Fiction, Health and wellbeing, Melbourne, Relationship and marriage, Writing

The moment of realisation

Ellen checked her makeup. She fixed the collar on her shirt, then closed her compact mirror. With a sigh, she stepped into the lift and waited for the doors to close.

Terrence was in Room 818, waiting for her.

Funny how a string of text messages and a few phone calls had plunged her into her past. Funny how he still held that power over her, some twenty years on. But they were a magnet to each other. Their connection was strong, albeit skin-deep.

When the lift stopped on the eighth floor, Ellen walked out into the corridor towards Terrence’s room. The door was ajar.

‘Hello?’ she said. Her voice was quiet, throaty. Behind her eyes, she saw the two of them, young again, tangled and sweaty in each other’s arms. She wondered if it would be the same.

‘Come in.’

He was standing in the room, by the window. The city buildings behind him lit up the night sky, twinkling like diamonds. She gazed past him, over his shoulder to the skyscrapers. Standing tall, unwavering, solid, grounded.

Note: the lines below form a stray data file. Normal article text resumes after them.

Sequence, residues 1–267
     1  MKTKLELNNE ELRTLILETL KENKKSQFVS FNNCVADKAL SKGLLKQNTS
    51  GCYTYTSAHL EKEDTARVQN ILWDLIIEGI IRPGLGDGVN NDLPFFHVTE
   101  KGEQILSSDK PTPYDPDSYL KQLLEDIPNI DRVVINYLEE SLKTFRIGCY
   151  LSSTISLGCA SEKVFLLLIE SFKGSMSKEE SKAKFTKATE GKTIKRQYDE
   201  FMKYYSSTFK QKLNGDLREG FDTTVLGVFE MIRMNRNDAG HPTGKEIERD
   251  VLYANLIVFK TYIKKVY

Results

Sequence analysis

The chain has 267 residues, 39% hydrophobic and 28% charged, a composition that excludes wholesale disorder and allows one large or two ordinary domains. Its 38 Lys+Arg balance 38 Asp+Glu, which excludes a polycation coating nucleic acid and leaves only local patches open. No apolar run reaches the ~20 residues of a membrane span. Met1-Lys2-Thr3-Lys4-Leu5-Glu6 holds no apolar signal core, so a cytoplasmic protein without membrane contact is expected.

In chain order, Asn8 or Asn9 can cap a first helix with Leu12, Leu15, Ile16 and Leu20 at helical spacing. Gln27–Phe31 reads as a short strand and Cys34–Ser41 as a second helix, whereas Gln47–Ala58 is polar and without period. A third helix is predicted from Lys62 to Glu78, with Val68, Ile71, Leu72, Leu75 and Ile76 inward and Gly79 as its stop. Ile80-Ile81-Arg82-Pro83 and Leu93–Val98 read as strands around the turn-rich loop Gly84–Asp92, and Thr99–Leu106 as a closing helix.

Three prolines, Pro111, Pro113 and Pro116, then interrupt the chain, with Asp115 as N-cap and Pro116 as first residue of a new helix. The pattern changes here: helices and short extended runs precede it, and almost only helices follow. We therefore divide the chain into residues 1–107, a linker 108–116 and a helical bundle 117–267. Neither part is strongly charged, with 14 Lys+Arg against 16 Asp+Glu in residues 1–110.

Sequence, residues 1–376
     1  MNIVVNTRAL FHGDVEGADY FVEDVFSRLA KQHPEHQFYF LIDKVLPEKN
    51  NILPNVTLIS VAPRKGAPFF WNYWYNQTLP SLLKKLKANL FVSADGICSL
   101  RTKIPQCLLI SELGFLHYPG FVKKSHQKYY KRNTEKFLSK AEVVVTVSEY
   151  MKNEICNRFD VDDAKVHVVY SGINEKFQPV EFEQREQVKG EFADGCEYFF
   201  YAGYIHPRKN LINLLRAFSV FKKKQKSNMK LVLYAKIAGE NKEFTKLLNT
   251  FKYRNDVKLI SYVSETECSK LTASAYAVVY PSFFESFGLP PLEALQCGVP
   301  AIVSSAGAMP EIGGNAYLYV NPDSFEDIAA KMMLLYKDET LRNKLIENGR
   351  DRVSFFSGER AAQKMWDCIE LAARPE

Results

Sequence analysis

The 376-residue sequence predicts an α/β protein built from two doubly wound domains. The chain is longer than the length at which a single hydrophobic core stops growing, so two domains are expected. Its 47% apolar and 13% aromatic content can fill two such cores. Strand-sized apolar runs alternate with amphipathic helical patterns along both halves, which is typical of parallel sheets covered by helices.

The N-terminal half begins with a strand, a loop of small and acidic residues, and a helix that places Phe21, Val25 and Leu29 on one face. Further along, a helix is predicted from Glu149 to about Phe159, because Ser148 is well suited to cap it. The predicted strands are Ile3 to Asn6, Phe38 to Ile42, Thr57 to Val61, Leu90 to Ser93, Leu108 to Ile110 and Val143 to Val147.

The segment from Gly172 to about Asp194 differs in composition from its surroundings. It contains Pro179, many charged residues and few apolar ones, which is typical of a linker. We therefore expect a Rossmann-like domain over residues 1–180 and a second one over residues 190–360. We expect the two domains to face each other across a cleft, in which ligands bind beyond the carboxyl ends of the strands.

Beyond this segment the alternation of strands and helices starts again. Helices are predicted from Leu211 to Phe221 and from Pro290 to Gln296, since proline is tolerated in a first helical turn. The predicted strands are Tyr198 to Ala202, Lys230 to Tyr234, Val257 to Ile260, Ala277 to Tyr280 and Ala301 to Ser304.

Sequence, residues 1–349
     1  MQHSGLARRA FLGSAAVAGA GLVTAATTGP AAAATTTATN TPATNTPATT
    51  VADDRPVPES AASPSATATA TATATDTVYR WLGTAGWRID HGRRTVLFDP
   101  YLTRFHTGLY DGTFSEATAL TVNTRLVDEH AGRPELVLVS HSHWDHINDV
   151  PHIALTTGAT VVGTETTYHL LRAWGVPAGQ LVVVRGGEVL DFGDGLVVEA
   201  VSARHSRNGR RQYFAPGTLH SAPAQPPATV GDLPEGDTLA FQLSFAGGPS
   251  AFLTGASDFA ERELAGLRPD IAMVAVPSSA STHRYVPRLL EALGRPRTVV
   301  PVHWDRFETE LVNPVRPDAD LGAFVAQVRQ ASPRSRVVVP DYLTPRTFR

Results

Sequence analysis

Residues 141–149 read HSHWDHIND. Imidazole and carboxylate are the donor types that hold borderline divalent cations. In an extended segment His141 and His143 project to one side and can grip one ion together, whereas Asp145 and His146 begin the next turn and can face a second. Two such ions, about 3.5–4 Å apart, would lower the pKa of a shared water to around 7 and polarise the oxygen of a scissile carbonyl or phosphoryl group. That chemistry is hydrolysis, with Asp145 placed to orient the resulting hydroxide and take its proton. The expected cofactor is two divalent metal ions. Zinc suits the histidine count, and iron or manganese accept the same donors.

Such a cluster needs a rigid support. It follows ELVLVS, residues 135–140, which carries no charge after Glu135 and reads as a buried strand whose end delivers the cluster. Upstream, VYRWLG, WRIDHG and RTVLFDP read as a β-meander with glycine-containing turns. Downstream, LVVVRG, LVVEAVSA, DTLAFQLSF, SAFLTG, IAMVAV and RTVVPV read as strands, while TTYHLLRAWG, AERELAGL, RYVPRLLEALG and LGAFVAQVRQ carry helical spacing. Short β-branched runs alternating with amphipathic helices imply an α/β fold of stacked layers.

Terrence moved towards her. Took her in his arms and began to kiss her. Deja vu overtook her body and senses; her legs trembled, her heart pounded with fear, desire, and…something she couldn’t name.

Her stomach roiled. ‘Wait.’ Ellen gently pushed Terrence away. ‘Let me use the bathroom. Freshen up for you.’

‘Of course. Take your time.’

Once in the stately bathroom, Ellen closed the door and stared into the mirror. Her eyes mocked. Her lips, full and glossy, pouted in shame. Turning on the tap, she let the water fill the sink and placed her fingertips in the cold, shallow pool.

And it hit her.

That feeling, the one she couldn’t name. Coldness. Dislike. Disinterest.

Why was she here? Terrence didn’t like her. She didn’t like him. Besides a strong physical connection, they shared nothing. She was not about to throw her personal growth and positive mindset—all that work she’d done over the last twenty years—away on a one night root with this joker.

Squaring back her shoulders, she looked in the mirror again. This time, the woman staring back cheered her. Ellen grinned and left the bathroom.

Terrence was naked, standing beside the bed, holding his tackle.

Ellen burst out laughing. ‘Sorry,’ she covered her mouth. ‘Sorry,’ she said again, composing herself. ‘This is not about you.’

But it actually was.

‘I can’t do this. I’m leaving.’

And Ellen walked out, taller, more self-assured than when she walked in the room, only ten minutes before. She didn’t look back.

Photo by Olexandr Ignatov on Unsplash

7 thoughts on “The moment of realisation”

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